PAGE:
Phillip Island’s Penguins – A Conservation Success Story

Penguin Parade 1Recently I spent some time with my brother Rod, who lives on Phillip Island in Victoria. We went to see the Penguin Parade at Summerlands Beach, something I haven’t done for years. (Considering who my publisher is, it’s no wonder I love penguins!) This parade has been a popular tourist attraction since the 1920’s. Each night at sunset Little Penguins (commonly known as Fairy Penguins) return to shore after a day’s fishing. They surf in, then waddle up the beach to the safety of their homes in the sand dunes. At this time of year they also have chicks to feed. Visitors can watch the world’s smallest penguins from viewing stands and boardwalks without disturbing them. It is a fascinating glimpse into the secret life of a penguin colony. The conservation history of this colony is equally as fascinating.

Penguin Parade 4The first inhabitants of Phillip Island were the aboriginal Bunurong tribe based around Western Port. They lived in harmony with the island’s penguins for many thousands of years. Over the last century of European settlement however, nine of the ten penguin breeding sites on Phillip Island disappeared. The last remaining rookery was on Summerlands Peninsula, on the edge of a residential subdivision. In 1985 the Victorian government made a far-sighted decision – in order to protect the penguins, further development of the subdivision would be prohibited and all the existing properties would be progressively purchased by the state.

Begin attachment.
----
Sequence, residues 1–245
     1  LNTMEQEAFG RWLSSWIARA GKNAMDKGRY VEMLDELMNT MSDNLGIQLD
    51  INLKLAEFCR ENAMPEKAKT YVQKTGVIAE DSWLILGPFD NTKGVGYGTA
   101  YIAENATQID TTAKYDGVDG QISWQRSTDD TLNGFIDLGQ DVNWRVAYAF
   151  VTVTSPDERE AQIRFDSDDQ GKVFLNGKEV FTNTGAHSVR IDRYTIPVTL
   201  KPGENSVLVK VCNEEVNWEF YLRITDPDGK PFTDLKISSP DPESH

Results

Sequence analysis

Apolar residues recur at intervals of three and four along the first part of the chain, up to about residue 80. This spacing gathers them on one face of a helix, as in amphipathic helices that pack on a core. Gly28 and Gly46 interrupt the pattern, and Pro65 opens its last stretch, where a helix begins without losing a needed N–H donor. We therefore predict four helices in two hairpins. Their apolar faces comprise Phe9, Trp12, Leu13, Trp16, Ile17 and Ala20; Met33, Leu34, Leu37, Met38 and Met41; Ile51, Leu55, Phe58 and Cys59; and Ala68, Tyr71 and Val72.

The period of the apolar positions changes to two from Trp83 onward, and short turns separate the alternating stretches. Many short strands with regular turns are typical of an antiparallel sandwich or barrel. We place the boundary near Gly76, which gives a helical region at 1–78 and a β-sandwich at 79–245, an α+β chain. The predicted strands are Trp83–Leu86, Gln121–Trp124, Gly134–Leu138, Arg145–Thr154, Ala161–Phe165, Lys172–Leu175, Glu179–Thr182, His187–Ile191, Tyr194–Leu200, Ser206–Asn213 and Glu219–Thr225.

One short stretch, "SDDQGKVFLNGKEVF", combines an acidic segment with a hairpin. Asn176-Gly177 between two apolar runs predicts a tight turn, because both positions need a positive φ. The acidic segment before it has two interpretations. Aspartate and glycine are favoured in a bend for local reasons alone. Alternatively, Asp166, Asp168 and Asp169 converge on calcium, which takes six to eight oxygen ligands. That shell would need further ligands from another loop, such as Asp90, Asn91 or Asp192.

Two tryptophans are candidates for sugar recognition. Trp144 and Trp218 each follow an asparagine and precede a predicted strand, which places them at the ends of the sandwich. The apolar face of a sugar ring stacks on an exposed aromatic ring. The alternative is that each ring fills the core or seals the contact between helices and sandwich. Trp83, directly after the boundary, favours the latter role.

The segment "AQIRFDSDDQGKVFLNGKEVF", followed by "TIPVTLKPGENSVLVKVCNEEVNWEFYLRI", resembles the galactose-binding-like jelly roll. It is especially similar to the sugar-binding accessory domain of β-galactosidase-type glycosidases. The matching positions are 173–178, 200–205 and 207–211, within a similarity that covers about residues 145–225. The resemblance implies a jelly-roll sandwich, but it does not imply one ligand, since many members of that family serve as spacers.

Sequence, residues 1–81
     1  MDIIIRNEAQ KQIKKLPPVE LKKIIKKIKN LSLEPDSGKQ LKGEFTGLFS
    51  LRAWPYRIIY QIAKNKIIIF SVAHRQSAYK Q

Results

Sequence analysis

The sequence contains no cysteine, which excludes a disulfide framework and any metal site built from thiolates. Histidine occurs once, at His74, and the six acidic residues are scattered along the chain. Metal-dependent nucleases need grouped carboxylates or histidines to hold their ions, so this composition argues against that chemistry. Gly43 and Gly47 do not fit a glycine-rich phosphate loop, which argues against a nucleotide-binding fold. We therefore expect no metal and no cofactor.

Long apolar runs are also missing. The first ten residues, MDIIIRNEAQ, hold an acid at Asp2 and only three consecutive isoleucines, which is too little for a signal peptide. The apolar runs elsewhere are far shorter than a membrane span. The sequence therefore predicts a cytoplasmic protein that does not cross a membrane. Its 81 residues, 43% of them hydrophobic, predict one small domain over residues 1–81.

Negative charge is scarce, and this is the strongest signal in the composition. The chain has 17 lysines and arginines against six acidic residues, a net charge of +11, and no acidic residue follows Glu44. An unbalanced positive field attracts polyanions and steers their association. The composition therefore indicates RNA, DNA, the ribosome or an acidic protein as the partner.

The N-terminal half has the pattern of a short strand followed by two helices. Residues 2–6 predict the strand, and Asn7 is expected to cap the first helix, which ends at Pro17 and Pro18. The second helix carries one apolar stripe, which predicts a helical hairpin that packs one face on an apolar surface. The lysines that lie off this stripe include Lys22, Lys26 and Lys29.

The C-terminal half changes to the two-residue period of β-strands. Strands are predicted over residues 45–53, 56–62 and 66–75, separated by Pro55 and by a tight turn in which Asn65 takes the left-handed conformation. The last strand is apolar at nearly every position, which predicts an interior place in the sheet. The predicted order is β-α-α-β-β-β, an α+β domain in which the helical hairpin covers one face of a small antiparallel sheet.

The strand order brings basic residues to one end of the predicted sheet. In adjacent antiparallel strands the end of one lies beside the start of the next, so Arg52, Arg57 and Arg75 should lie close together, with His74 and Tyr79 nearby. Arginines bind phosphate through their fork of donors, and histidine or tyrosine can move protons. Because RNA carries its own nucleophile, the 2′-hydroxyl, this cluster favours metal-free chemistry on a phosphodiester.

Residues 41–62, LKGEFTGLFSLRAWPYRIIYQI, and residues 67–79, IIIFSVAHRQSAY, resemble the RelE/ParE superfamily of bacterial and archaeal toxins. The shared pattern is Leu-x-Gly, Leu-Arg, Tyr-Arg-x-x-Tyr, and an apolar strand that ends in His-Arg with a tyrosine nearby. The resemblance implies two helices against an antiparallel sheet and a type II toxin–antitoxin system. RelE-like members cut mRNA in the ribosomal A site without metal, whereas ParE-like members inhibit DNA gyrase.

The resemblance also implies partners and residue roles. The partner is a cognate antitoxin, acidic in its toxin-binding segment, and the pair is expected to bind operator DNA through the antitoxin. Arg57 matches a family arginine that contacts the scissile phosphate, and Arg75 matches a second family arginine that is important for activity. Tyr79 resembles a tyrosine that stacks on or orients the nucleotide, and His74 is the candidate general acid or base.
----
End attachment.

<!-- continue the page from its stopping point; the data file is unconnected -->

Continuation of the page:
Removal of house from Summerland Estate

Removal of house from Summerland Estate

So began a twenty-five year effort to protect the Little Penguins of Summerland Peninsula. In June 2010 the government announced that the buy-back programme was complete. All houses on the estate had been removed or demolished. The land was revegetated and added to the Phillip Island Nature Park. As well as being a loveable icon for Victoria, the Penguin Parade generates $100 million dollars per year through tourism. What a perfect example of balancing the economy with the need to protect our environment!


6 thoughts on “Phillip Island’s Penguins – A Conservation Success Story

  1. I visited for the first time last September and loved it. Unless you pay the big dollars for the special tour or get a front row seat, you don’t see much on the beach, but from the board walks, we were up close to the penguins. They’re beautiful to watch. I’m so glad the Vic govt was forward thinking in 1985 to protect these little fellas.

  2. Thanks for the post Jennifer. I too love penguins, and it’s great to see that the Victorian government had the foresight they did.
    We have something similar here in WA – Penguin Island, just south of Perth. It’s a great day trip, but you don’t always see the penguins. However, there are regular feeding times of some rescued penguins that were not able to be returned to the wild.
    It does cost a bit, but I feel it’s well worth it.

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